Many Chinese have no health insurance, and the country's pay-as-you-go approach often forces people to forgo treatment. The failings of the system have stirred significant discontent, and the overhaul is a response to those social pressures.
European Pressphoto Agency/Qilai Shen
The loss of state support in the 1980s led hospitals in China to operate as businesses, with a pay-as-you-go approach and a tendency to prescribe treatment that could boost income from patients who often can't afford it.
China's government also has an economic incentive. The specter of high medical costs, coupled with China's overall weak social safety net, has discouraged people from spending their money. That has been a drag on efforts by the government to boost domestic consumption and make the economy less reliant on exports for growth.
Broad insurance coverage could, over time, start to shift the balance in China away from savings and toward more consumption, economists say.
The State Council estimated the total cost of the plan would be 850 billion yuan ($124 billion) over three years. That is equal to about 3% of China's expected 2008 GDP over the three years of the plan, though it is unclear how much of the amount is new spending.
"It's definitely a significant commitment of money," said William Hsiao, a Harvard University health economist.
As China shifted from central planning to a market economy in the late 1980s, it sharply cut public services, especially in the countryside, and essentially privatized medical care.
Hospitals are pressed to operate as for-profit businesses and push drugs and tests in order to boost their income, critics say.
In an effort to rein in costs, the government is working to strengthen its control over drug production and distribution to limit the ability of hospitals and doctors to earn money from drug sales and force them to rely upon fees for medical services.
Mr. Hsiao cautioned that unless the government is able to address such problems in the hospital system, it won't necessarily lead to the desired improvements in health care.
Chinese government spending on health in 2006 amounted to less than 1% of the country's gross domestic product, ranking China 156th out of 196 countries surveyed, according to the World Health Organization, the United Nations' public-health arm.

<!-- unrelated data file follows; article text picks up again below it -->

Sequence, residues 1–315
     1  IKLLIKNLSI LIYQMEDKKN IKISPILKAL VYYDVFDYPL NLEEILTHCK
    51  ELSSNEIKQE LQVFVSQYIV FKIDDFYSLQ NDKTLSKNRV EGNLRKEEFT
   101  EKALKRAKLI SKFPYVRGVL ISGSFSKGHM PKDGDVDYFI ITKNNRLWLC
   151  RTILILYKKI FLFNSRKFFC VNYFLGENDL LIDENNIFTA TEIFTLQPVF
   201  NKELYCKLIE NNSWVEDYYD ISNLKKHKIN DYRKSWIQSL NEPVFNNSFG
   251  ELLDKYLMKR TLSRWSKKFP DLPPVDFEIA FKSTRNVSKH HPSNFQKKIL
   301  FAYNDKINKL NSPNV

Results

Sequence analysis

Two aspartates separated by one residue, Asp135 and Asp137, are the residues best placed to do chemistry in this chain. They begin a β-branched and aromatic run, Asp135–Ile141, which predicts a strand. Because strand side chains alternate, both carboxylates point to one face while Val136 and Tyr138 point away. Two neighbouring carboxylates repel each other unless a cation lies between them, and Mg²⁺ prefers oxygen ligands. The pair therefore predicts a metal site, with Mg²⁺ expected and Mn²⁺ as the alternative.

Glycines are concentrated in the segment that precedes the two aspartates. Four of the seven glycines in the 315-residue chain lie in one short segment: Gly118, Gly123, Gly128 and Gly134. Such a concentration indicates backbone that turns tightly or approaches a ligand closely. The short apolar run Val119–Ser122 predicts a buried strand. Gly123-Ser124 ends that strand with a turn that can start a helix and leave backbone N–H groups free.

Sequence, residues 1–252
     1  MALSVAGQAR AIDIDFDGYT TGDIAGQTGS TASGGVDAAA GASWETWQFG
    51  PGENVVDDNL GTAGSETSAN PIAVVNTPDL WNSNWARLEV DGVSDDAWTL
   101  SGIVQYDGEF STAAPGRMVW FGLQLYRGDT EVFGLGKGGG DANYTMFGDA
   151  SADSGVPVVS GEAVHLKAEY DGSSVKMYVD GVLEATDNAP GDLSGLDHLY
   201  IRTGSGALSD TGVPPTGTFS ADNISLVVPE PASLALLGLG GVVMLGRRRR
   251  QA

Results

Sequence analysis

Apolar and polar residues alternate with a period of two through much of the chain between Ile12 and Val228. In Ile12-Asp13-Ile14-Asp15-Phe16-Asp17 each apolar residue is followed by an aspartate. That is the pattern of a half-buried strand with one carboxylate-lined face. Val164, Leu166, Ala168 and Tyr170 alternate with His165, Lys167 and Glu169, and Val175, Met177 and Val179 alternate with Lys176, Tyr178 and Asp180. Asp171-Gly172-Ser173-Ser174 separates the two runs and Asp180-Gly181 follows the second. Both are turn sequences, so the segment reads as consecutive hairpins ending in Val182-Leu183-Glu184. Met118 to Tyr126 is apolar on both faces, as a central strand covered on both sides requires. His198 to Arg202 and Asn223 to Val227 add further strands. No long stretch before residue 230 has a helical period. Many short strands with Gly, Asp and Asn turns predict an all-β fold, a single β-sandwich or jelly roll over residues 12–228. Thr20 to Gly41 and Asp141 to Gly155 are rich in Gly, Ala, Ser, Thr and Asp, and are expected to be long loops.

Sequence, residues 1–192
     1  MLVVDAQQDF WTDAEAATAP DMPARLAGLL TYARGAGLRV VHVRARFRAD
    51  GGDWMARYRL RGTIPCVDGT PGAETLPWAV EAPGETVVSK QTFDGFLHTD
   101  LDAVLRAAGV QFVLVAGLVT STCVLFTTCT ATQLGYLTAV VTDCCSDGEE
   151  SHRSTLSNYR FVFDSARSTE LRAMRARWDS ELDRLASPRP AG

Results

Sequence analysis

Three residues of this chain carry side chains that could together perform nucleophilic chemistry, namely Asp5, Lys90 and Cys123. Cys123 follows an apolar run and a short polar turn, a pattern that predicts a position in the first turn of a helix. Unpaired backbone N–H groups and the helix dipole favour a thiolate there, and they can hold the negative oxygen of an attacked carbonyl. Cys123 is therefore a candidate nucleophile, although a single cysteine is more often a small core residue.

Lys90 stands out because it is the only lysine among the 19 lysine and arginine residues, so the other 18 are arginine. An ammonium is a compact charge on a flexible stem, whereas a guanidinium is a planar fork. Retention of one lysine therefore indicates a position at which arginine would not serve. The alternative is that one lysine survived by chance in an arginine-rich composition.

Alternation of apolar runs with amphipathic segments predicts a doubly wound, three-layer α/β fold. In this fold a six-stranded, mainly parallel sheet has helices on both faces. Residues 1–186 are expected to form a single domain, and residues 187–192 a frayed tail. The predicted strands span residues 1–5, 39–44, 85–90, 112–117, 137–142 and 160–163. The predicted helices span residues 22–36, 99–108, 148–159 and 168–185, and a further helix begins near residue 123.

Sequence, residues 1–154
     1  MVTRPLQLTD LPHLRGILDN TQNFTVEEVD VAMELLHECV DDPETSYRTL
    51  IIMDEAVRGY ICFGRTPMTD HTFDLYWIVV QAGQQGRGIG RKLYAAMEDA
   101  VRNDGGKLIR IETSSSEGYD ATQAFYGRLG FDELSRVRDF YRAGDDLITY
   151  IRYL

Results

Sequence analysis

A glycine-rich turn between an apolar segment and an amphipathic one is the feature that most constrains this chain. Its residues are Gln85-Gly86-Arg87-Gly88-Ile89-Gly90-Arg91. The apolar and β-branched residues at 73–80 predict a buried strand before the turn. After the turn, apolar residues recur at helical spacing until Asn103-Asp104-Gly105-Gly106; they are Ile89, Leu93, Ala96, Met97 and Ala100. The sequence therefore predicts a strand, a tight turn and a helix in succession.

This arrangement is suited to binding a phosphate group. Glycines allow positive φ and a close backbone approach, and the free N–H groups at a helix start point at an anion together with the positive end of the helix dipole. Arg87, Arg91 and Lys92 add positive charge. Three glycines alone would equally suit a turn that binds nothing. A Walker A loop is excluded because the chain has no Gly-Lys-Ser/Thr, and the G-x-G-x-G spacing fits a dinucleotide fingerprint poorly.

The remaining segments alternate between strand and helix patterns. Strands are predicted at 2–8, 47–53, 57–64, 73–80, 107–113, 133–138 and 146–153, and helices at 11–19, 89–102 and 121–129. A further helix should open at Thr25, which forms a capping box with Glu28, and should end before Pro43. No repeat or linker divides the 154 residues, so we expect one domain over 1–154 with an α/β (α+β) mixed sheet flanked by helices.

According to the U.N., nearly 50% of health-care costs are borne by individuals, about 18% by the government and roughly 33% by various types of insurance.
Government health-care spending has also been distributed unevenly, according to the U.N. In 2005, it says, 25% of public-health resources were devoted to rural residents, even though they made up roughly 60% of the population. The State Council said it intends to close this urban-rural gap.
—Ellen Zhu contributed to this article.
My reaction: China is quickly developing a social safety net. Here are points to note from these articles:
1) Chinese government spending on health in 2006 amounted to less than 1% of the country's gross domestic product, ranking China 156th out of 196 countries surveyed.
2) The specter of high medical costs, coupled with China's overall weak social safety net, has discouraged people from spending their money.
3) Broad insurance coverage could, over time, start to shift the balance in China away from savings and toward more consumption
4) Medical reforms have been deliberated by authorities since 2006. China's battle with inflation took priority over reforms of its social safety net.
5) Now with the inflation threat temporarily faded, China is finally moving forwards with all these reforms and improvements to its social safety net.
No going back on these reforms now
China reforms of its social security and medical programs will encourage spending and create inflationary pressure. However, when inflation returns in the next few months, authorities will be hard pressed to back out of these announced reforms of its social safety net. Dropping the dollar peg will be a much more politically palpable alternative.